If you want a native plant that will transform your garden from boring to breathtaking, look no further than the Hakea Laurina. This no-fuss upright shrub will bring any outdoor space to life with its captivating flowers and beautiful foliage.
See what makes the Hakea Laurina a sensational feature plant in your garden — and why we’re positive you’ll go wild about it.
A brief description of the Hakea Laurina
With globular red flowers, laurel-shaped leaves, and smooth gray bark, the Hakea Laurina is definitely one memorable character. You may know the Hakea Laurina by its other names: Pincushion Hakea, Pincushion Flower, Pincushion Tree, West Australian Cushion Flower, and Kodjet.
There isn’t anything tame or timid about this gorgeous gal. She is a curious-looking sort when compared to the usual roses and daisies — you’ll know by her flower’s pin-like spines that dainty petals aren’t her thing.
Her evergreen growth habit makes her a perennial, which means you’ll get to enjoy her lush foliage all year long. You don’t need to fuss with her care, either.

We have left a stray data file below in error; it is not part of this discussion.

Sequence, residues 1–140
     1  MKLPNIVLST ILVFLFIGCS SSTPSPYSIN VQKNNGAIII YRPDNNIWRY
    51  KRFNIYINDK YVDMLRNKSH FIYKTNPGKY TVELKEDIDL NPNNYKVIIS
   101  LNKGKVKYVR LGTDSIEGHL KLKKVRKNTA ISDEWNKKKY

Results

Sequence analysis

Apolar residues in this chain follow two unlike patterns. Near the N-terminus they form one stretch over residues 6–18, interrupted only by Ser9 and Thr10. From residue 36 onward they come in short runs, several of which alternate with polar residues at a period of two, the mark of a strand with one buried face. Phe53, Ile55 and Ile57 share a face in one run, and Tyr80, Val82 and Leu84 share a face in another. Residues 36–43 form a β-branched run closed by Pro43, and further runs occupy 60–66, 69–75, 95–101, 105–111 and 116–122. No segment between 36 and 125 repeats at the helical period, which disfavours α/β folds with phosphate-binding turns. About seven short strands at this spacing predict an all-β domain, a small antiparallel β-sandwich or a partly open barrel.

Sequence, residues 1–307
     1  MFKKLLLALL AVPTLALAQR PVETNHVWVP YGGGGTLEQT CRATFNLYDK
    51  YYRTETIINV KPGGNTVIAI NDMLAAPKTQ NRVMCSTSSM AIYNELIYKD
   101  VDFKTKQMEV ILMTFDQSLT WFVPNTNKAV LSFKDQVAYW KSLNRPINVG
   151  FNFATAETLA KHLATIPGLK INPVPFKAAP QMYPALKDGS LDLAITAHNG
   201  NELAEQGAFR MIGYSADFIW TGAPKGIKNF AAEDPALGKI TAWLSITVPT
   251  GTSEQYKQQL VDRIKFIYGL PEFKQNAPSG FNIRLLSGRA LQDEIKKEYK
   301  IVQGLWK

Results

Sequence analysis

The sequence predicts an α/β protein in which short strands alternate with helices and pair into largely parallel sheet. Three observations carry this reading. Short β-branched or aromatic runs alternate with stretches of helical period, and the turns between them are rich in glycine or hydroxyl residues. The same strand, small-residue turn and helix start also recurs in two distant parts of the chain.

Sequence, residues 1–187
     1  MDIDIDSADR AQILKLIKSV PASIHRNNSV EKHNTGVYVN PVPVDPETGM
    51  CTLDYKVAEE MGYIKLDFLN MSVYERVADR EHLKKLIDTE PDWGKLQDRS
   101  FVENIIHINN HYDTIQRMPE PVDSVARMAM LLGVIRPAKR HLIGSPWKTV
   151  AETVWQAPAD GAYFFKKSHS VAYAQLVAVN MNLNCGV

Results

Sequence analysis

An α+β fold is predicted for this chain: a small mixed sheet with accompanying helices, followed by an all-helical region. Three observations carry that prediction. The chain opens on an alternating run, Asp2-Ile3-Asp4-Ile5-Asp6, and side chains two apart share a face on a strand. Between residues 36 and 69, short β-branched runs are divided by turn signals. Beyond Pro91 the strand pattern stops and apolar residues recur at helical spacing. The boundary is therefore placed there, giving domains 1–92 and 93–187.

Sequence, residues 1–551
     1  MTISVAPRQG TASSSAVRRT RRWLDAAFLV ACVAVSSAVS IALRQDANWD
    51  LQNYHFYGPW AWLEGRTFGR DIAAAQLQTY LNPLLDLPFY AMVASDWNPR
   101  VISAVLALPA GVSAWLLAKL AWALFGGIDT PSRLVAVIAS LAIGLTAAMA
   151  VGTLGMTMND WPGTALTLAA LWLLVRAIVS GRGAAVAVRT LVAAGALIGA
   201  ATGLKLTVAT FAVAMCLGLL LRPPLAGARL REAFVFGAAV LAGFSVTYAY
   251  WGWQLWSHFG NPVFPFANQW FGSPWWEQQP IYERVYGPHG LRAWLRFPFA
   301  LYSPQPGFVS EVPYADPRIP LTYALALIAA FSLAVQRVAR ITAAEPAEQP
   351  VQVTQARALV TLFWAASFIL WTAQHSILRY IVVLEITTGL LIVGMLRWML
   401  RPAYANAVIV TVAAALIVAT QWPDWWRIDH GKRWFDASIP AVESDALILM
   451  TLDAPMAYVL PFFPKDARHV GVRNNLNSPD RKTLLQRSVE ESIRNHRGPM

Your Pincushion Hakea is content with well-draining soil, ample sunlight, and all the environmental conditions that make her a true Australian native flowering plant. She especially loves the coastal region of south-western Australia, where she gets to bask in endless sun and sand. You’ll also find plenty of Hakea varieties thriving in Western Australia, where the soil has good drainage.
That said, the Hakea Laurina does get to go around the globe, particularly in Italy or America where she has achieved celebrity status as a street tree. Back home, her versatility, robust structure, and fast growth make her a crowd favourite for cut flower arrangements, hedges, and screens. With an edgy appearance and a low maintenance nature, the Hakea Laurina is one heck of a gardening star.
Depending on its environment, the typical Hakea Laurina can be a large shrub or small tree. A mature plant can reach up to 6m when given proper care. Due to its size and upright habit, it fares better in an open space, such as a playground or a soccer field.
Pincushion Flower plants prefer to be unbridled when growing. Pots may prove to be too cramped for them, unless you get a dwarf Hakea Laurina. This smaller variety carries the same physical characteristics of the regular-sized Pincushion Hakea and is just right for tiny spaces.
When it comes to beautiful foliage, the leaves of the Hakea Laurina may just be the best frond you’ve been looking for. The laurel-shaped leaves are so eye-catching that the plant was named after its foliage’s appearance — hence the name, Hakea Laurina.